For those with minor children, it’s imperative that your estate planning includes naming a guardian for your children. You might also consider naming a separate guardian to care for the children and one to administer your estate assets on the children’s behalf.
Business owners will need pair their business succession planning with their estate planning efforts. In the event of their death, will the business pass to family members? Business partners? Whatever their situation, it’s important that there is a plan for business continuity, as well as liquidity for their family to realize value from the business.
Life and Disability Insurance
As part of holistic wealth planning, your life and disability insurance needs should be addressed to ensure your financial security and that of your loved ones.
Life insurance is an easy and inexpensive way for people to build an estate when they are relatively young. For those with a family or others to protect, a term policy can provide an affordable option. As you approach your 50s and beyond, the role of life insurance in your wealth planning will depend upon the level of other assets you’ve accumulated.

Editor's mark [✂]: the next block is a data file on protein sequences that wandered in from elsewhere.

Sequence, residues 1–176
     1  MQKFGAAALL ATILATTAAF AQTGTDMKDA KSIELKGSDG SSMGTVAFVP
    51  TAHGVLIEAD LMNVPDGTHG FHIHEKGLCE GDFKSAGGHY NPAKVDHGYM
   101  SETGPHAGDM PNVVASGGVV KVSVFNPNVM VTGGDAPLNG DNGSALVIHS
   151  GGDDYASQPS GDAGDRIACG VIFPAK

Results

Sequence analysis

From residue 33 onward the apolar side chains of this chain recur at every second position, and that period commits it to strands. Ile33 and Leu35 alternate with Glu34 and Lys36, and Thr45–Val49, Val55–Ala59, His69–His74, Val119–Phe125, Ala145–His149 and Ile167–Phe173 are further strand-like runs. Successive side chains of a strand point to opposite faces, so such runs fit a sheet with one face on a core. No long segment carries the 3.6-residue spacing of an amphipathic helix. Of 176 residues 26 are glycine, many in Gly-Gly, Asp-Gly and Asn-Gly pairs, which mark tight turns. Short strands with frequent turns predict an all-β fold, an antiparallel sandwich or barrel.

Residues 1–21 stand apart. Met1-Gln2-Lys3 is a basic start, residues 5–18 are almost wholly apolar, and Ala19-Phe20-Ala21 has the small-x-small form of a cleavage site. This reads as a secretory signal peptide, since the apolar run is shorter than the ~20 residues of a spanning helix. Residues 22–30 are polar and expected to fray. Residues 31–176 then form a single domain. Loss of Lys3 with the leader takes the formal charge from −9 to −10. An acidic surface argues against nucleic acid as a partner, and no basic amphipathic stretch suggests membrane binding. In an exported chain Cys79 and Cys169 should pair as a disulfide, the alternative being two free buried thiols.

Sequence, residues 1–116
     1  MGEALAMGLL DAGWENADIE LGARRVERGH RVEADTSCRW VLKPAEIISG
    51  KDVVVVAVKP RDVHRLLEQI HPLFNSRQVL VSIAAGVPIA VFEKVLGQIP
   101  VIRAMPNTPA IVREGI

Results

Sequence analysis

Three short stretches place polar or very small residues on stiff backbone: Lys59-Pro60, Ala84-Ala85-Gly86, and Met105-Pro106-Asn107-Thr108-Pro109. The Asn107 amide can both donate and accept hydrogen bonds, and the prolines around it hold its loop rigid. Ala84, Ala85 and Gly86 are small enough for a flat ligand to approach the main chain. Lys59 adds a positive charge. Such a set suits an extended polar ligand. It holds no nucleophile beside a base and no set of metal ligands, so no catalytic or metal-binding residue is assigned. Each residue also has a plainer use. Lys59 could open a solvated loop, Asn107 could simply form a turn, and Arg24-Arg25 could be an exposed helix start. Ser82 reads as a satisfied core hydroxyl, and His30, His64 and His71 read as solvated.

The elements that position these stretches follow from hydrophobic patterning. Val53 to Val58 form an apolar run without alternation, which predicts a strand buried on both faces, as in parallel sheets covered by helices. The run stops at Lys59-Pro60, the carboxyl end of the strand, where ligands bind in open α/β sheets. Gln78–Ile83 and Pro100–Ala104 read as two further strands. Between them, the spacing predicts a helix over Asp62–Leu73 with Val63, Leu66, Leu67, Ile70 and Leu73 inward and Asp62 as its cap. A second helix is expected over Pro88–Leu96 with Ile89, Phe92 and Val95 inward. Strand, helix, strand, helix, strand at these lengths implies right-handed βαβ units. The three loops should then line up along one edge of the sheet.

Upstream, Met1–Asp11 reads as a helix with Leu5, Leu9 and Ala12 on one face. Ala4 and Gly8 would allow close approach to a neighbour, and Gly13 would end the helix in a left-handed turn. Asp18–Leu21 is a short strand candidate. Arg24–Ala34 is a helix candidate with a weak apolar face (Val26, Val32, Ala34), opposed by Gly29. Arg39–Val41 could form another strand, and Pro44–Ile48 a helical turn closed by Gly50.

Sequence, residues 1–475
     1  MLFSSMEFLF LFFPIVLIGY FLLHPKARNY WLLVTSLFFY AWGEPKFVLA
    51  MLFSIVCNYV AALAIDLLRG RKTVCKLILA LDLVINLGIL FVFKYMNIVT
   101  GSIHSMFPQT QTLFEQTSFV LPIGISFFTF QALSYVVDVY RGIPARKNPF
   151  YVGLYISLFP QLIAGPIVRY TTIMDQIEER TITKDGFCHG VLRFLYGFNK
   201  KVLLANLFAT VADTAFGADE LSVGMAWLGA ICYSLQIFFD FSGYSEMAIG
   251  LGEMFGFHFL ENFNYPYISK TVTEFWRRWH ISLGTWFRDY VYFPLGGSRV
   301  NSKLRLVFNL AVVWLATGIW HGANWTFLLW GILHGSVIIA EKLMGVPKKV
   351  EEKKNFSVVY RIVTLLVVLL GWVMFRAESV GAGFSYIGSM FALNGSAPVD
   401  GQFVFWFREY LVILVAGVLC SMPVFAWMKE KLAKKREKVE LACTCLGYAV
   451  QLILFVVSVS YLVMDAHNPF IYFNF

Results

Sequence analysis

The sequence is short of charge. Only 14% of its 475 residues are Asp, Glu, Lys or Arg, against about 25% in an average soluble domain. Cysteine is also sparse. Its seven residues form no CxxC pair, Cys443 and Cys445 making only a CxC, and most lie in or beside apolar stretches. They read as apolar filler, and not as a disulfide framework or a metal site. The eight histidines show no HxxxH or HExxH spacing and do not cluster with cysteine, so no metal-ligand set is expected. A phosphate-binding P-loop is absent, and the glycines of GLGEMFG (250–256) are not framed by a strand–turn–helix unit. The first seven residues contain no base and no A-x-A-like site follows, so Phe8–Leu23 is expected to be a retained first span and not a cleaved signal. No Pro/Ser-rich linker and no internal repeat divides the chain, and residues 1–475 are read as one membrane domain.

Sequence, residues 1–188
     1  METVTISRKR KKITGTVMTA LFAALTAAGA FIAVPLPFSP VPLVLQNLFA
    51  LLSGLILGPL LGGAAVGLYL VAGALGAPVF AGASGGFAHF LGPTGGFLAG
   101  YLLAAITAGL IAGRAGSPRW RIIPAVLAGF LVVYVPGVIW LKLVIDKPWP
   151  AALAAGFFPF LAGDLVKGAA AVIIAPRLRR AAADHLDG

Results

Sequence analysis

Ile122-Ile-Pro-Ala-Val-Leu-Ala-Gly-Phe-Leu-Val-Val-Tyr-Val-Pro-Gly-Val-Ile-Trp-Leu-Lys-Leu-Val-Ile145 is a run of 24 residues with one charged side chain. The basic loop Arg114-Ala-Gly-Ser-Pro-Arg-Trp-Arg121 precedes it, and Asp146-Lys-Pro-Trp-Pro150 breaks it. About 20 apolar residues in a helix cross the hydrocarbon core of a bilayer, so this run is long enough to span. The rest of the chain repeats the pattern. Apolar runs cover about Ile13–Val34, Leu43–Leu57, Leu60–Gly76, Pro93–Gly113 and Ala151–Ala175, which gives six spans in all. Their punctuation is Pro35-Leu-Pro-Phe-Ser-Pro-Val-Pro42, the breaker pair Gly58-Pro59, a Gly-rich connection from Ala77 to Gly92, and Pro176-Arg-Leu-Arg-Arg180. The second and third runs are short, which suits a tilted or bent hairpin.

Disability insurance is another crucial type of coverage which provides security in the event you become disabled and unable to work. Disability insurance (often also called lifestyle insurance) is often purchased as a group benefit through an employee benefit program. You may need to purchase a policy privately if you need more tailored coverage, or if you do not have employee benefits available to you. Private coverage will generally be more expensive than group coverage, with more stringent medical screening requirements.
For business owners, both life insurance and disability insurance are key. The policy proceeds can be used to fund the business, provide a benefit to the business owner’s family or fund a buy-sell arrangement if one is in place with partners in the business.
Wealth planning is important at all stages of your life, regardless of whether you own a business, are employed, you are single or married with children. Be sure you work with a financial advisor who is experienced in helping clients in similar situations as yours.